http://dapmalaysia.org Forward Feedback
overseas scholarship policy guidelines contravene the policy statement made
by the Minister of Higher Education, Datuk Mustapa Mohamad
(Petaling Jaya, Wednesday) : Based on a report published in The Star on March 5th, 2007, the Minister stated that overseas scholarships will only be offered to “students who are accepted by renown foreign universities”.
...the move was to produce high quality graduates.
“Tertiary education in Britain and the United States is very costly. We do not want to send our scholars to any overseas university randomly. It’s better if we only send them to renowned universities and in return, we produce high quality graduates,” he said.
However, based on the latest circular issued by Jabatan Perkhidmatan Awam (JPA), scholarships will continue to be awarded to students who fail to qualify to the top universities, particularly those from the United States.
Selepas berjaya di peringkat persediaan dan memenuhi had kecemerlangan akademik yang ditetapkan, pelajar-pelajar yang berjaya mendapat tawaran daripada universiti-universiti bertaraf Ivy League atau Ivy League Standard akan meneruskan pengajian di Amerika Syarikat selama 4 tahun.
Bagi pelajar-pelajar yang tidak mendapat tawaran daripada universiti-universiti bertaraf Ivy League atau Ivy League Standard, mereka akan meneruskan pengajian Ijazah Pertama di bawah American Credit Transfer Programme (ACTP) di mana pelajar-pelajar akan mengikuti pengajian 1 tahun pertama di dalam negara dan seterusnya meneruskan pengajian selama 3 tahun lagi di universiti-universiti di Amerika Syarikat.
Hence it is clear that the Government will continue to finance students with scholarships irrespective of the universities which they manage to secure places in despite what the Minister of Higher Education has promised earlier.
In addition, no mention of qualifying for the top universities in the United Kingdom, Canada or Australia was made as a criteria for these countries.
In the pursuit of the quantity of scholars, have we decided once again, to forgo “the move to produce high quality graduates” as expressed by the Minister of Higher Education himself?
Why is the JPA offering scholarships for Medicine studies in countries which are not recognised by Malaysian Medical Association (MMA)?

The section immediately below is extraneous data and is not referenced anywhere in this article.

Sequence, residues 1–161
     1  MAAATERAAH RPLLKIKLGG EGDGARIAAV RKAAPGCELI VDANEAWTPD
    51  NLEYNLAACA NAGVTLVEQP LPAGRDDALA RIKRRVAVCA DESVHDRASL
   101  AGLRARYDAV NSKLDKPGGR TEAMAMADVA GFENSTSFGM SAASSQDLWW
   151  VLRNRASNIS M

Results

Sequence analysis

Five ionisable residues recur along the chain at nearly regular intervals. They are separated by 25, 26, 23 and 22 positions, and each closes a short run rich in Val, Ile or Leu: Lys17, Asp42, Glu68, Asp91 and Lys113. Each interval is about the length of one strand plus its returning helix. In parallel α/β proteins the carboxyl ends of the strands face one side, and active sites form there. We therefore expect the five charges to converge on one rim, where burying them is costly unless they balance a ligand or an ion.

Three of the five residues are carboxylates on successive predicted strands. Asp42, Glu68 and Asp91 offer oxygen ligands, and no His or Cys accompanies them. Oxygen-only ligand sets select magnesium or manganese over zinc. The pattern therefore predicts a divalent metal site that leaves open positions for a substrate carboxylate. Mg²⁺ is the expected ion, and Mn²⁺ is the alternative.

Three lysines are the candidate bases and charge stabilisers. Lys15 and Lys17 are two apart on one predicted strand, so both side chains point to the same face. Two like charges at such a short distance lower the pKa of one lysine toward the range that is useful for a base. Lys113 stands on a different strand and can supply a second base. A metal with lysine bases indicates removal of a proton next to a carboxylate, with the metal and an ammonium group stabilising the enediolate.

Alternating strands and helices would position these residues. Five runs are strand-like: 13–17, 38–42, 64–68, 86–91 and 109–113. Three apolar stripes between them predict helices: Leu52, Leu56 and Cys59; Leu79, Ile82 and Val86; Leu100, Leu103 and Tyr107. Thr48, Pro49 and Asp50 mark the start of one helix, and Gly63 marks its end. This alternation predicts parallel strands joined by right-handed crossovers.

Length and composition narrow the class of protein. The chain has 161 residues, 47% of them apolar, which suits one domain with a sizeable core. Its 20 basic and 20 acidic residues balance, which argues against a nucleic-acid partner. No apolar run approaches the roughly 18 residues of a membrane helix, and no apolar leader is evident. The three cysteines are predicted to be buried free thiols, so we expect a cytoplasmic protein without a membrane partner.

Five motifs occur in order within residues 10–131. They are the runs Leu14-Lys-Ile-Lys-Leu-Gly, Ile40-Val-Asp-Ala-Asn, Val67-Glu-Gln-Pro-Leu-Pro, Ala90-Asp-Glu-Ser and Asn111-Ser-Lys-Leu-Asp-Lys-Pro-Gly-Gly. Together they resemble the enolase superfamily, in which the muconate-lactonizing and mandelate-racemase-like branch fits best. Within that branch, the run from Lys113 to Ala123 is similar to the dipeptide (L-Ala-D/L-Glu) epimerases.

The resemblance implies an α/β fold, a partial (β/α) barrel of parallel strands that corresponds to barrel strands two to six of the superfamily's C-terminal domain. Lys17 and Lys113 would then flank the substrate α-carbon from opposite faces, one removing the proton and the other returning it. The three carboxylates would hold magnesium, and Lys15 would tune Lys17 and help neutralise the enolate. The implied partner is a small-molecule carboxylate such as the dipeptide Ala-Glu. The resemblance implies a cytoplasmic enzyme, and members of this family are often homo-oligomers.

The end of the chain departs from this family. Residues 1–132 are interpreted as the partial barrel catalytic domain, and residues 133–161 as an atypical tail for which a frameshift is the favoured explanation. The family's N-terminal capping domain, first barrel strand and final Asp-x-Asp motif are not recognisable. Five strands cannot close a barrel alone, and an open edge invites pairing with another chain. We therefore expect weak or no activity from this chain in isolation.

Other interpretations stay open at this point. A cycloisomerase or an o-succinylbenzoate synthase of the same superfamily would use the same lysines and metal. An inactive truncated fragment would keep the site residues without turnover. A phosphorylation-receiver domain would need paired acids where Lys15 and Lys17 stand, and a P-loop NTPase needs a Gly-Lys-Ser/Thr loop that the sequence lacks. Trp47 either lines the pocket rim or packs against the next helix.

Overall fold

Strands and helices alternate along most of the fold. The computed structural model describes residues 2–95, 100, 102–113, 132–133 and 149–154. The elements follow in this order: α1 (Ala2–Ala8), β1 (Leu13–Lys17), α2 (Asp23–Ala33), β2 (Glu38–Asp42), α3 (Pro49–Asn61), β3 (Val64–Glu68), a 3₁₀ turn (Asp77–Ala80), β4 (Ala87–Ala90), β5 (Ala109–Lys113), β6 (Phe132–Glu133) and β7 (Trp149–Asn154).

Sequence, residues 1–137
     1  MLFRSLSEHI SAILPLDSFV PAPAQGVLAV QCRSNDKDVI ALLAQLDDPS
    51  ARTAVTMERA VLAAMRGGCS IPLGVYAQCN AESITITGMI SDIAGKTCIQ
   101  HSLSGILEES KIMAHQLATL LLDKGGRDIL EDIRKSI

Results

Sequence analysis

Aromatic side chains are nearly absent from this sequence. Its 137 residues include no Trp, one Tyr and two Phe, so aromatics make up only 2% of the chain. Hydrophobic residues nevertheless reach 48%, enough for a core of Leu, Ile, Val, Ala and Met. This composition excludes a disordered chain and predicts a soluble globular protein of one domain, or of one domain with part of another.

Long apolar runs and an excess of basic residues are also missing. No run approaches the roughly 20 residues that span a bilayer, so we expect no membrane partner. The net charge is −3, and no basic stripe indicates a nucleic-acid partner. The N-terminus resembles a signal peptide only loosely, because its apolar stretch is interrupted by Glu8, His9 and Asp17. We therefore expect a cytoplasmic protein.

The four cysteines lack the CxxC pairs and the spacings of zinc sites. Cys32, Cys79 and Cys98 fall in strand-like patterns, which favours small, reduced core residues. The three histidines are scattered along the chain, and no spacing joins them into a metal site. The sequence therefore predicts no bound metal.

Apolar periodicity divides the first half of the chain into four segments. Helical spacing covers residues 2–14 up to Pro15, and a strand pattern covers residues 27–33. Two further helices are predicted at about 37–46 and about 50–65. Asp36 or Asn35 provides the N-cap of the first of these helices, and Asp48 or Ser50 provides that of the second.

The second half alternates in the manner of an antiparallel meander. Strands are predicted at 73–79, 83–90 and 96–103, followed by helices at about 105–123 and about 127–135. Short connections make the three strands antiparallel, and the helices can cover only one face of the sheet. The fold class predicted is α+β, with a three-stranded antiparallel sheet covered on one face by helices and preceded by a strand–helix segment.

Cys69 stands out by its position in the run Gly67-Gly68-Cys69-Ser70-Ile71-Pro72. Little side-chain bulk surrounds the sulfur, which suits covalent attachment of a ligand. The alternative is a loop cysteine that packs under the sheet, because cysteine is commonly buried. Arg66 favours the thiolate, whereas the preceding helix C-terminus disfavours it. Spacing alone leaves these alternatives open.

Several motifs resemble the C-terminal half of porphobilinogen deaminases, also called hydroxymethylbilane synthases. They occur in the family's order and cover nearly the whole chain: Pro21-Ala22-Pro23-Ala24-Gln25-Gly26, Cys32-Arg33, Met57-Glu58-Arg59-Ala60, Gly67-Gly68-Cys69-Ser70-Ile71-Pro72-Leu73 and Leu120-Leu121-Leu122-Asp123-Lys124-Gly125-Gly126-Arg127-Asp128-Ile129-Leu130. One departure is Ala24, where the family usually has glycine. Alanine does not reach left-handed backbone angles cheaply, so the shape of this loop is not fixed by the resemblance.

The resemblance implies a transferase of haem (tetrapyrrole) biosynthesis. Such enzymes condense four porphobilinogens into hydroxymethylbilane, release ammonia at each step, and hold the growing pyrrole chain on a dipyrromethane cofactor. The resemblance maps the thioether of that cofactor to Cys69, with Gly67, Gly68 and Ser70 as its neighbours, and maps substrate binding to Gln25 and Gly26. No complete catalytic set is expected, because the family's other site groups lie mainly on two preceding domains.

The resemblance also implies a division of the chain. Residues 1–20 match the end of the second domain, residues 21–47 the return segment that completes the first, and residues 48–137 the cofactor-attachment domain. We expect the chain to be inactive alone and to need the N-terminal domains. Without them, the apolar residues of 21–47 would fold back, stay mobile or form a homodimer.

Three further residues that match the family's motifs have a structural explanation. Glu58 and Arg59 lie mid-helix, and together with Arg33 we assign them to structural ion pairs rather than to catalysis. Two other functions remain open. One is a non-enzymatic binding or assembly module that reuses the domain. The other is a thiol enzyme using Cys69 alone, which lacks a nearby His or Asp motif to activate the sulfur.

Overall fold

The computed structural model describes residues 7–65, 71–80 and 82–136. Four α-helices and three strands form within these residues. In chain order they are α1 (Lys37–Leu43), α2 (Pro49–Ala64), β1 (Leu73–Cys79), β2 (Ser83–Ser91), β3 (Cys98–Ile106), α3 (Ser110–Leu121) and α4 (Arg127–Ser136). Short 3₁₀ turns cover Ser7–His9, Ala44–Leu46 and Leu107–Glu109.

This year, the JPA is also offering scholarships for students to pursue medical degrees at universities in Czech Republic and Poland.
Without even directly calling into question the quality of these universities, why are these scholarships offered in the first place when the MMA has yet to recognise medical degrees from these countries?
Wouldn't such a policy place our potential scholars in limbo should the MMA decide that the degrees at these universities may not meet our minimum required standards?
On top of scholarships to the above 2 countries, JPA also offer medical degree scholarships to Egypt, Jordan and Indonesia.
As it stands, the Minister of Health, Dr Chua Soi Lek is contemplating a “unified medical examination” for future overseas medical graduate due to the serious question over whether these graduates “had the required standard and quality to practise medicine in the country”. Dr Chua also added that “there had lately been a drop in the quality of doctors”.
Dr Chua's call for a “unified medical examination” would not have been necessary if Malaysia is more selective over the colleges in which we provide recognition. For example 6 from Burma, 6 from Bangladesh, 11 from Indonesia, 14 from Pakistan, 4 from Iraq and even 1 from Uganda.
Revise JPA Scholarship Award mechanisms
The DAP would like to make the call for overseas undergraduate scholarships to be confirmed and awarded after the students have been offered a place at a top university. Why should scholarships be awarded to the students even before they have qualified for a place at a top university overseas?
The existing policy is flawed and subject to abuse for the official interviewers and selection panelists for JPA may not be able to fully evaluate the qualities of an individual candidate, particularly, since there are so many top scorers these days.
There are 2 case examples last year:
Unfortunately for Calvin, after attending an 30-minute interview with Jabatan Perkhidmatan Awan (JPA) for the JPA scholarship as part of a group of 10 (or so) individuals, his application was rejected. And given that his parents are middle income earners, a degree at Berkeley will not be possible without scholarships or financial aid.
In his JPA interview, they gave him that curt “don’t tell us where you want to go, we’ll decide where to send you” answer.
These are certainly not the only examples available.
Hence the simple question we would like to ask JPA and the Ministry of Higher Education is this, which is more important and which makes more sense for Malaysia?
We would like to constructively propose that the above 2nd option be adopted for future scholarship awards in this country, in line with the Datuk Mustapa's hopes “to produce more high quality graduates”.